Application compatibility IS still a problem. That part is still not solved till producers of software keep TS in mind.

The TS application analyser is still needed to quickly see what programs have problems en to quickly choose what solution (application virtualisation, repackaging, isolation) is needed to get it running.


It is better than it was in the TSE 4.0 days that is for sure. I find that still to this day almost every application I enable on CTX/TS still requires some level of attention. Some software vendors are getting better. Five years ago I would hear more flat out NOs on TS support, now at least they are willing to work with you and they should, a well performing TS app is a great sell.


The remaining issues that are most common now are:

- Commercial apps that "work" but require significant intervention, things like SalesLogic, AutoCad, Adobe come to mind

- Legacy apps that are often "home grown" and poorly written.

- The other area of concern are things like huge Java apps that simply take up alot of resources and impact the benefit of sharing resources

In general the issue is not as much about making it work but the skill and effort it takes to get there. As a consultant we are have to factor in the impact on operations- can the client/end user update the apps and install new ones successfully in the future on their own?


Personally, I'm a big fan of the Visa UAC dialogs.  Love the mac ads, but more than those, the UAC dialogs on end user OS have forced app vendors to fix their apps so they run multi-user friendly.

The commercial applications seem to have received the message.  This hit home for me some time back when I went looking for example applications that do it wrong.  Go down the commercial list and most of them are fixed, even quicken!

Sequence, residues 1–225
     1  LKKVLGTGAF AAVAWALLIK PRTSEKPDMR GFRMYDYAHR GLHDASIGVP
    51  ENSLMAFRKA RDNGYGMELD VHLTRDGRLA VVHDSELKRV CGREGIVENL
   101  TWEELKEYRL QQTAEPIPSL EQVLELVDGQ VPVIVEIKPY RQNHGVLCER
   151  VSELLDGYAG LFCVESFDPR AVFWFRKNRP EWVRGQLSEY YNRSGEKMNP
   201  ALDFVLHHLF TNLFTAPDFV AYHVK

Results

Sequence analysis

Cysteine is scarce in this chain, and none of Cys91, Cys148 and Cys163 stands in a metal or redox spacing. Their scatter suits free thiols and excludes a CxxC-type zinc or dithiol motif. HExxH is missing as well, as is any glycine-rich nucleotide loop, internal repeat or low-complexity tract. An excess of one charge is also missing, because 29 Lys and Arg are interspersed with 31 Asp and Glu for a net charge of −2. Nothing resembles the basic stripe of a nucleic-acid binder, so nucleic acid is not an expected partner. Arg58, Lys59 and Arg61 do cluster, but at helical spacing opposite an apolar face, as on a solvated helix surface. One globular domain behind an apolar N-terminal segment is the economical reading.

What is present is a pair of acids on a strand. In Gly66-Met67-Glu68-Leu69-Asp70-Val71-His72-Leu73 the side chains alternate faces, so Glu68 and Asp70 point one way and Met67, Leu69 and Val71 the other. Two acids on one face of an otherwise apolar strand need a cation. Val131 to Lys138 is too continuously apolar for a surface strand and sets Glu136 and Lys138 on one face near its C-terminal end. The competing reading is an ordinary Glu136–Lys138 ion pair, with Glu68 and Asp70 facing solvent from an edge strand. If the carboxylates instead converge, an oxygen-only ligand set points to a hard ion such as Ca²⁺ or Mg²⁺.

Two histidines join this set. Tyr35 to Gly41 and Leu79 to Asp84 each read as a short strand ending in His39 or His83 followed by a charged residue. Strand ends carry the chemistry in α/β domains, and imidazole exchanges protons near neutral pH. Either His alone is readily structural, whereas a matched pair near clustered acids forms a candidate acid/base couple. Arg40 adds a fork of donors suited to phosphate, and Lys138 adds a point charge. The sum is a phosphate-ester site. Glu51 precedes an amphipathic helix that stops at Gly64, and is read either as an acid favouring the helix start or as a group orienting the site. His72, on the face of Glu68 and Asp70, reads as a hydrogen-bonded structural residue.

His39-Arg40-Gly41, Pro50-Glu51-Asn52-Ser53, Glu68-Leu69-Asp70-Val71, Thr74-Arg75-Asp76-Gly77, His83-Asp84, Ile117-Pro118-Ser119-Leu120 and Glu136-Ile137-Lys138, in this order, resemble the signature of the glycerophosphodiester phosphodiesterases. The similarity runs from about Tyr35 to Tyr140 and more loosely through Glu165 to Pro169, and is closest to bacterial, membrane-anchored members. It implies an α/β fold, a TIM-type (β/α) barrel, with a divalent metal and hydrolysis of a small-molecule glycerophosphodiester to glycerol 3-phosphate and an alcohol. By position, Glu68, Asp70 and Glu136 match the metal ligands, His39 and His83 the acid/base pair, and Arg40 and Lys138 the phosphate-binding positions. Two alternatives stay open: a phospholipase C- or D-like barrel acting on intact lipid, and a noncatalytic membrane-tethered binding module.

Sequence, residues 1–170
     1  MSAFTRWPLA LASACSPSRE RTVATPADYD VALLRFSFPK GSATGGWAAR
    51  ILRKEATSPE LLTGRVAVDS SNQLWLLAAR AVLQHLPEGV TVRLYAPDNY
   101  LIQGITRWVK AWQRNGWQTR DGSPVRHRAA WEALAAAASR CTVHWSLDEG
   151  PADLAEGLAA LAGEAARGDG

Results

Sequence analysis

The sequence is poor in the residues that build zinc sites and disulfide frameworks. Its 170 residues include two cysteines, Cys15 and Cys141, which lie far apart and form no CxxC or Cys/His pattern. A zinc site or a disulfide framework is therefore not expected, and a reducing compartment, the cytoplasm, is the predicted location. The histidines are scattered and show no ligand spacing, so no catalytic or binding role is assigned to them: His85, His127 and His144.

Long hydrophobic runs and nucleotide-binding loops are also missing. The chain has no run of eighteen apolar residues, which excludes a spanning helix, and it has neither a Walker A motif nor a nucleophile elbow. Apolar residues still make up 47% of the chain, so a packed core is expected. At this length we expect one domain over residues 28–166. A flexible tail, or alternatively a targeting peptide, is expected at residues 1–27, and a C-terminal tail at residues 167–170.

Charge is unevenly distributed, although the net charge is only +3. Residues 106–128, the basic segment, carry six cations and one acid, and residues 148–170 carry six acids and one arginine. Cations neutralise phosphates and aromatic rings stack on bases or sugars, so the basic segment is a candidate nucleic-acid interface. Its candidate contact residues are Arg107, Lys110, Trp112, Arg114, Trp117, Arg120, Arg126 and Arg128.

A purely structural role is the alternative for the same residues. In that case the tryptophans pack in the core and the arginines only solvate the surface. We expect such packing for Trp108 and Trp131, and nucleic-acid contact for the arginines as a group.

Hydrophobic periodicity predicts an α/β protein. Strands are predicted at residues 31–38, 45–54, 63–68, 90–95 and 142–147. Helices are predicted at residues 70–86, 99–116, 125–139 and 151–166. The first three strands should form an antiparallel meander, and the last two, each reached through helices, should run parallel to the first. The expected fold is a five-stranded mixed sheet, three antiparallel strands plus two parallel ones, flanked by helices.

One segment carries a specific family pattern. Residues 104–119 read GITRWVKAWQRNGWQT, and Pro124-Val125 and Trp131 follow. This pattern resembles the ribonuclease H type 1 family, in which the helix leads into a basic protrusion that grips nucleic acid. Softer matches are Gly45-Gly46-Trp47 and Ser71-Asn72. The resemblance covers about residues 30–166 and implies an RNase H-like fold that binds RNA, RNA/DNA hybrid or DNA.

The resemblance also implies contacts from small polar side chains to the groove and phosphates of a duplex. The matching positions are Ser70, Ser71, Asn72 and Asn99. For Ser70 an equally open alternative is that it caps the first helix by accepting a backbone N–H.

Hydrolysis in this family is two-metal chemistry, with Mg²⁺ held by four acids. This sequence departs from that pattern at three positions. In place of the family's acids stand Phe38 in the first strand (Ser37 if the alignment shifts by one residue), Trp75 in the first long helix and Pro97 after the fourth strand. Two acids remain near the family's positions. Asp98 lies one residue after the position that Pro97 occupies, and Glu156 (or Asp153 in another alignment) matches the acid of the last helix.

The customers' home-grown applications though still require work, and still keep isolation systems busy.  


If MS wants to solve x64 app compat, then they not have made 2008 R2 64-bit only while Win7 was shipped in a 32-bit flavor.  If they truly believe that app compat isn't a challenge on TS, then Win7 should have been 64-bit only and we'd solve this once and for all.  But we all know that's not gonna happen.  I for one know a whole bunch of Citrix environments that'll be running on 32-bit 2003 and 32-bit 2008 (non R2) for quite some time.



I rarely run into applications that will NOT run in a multi-user environment.  However, that does not mean the process is painless.  There are still a significant number of applications that require bizarre file and registry access privileges\hacks.  So I still find myself in situations where I have to compromise the security of a Terminal Server to enable an application to run.  At that point I am forced to implement extremely granular permission sets to minimize the exposure of the core OS.  I hate depending on the "perceived" ignorance of Citrix end users as a security measure.


Yes most apps "work" but I find I am still tweeking in ways I would not have to for desktop installs.  Definitely in the areas several mentioned like Glenda regarding walling off the OS from expanded perms just for the one app.  Sure all the standard mix shake out of the box onto TS well but there is still the 30% imo that give issues.  That 30% can be made to run now which was not the case in the past but a long field of improvement is still desired.  Has TS come a long ways - for sure - but don't sound like a salesman on me now and tell me about how its all behind us.  I guess I interpret "works" & "ready to deploy" as the same... it don't work till its ready to deploy imo.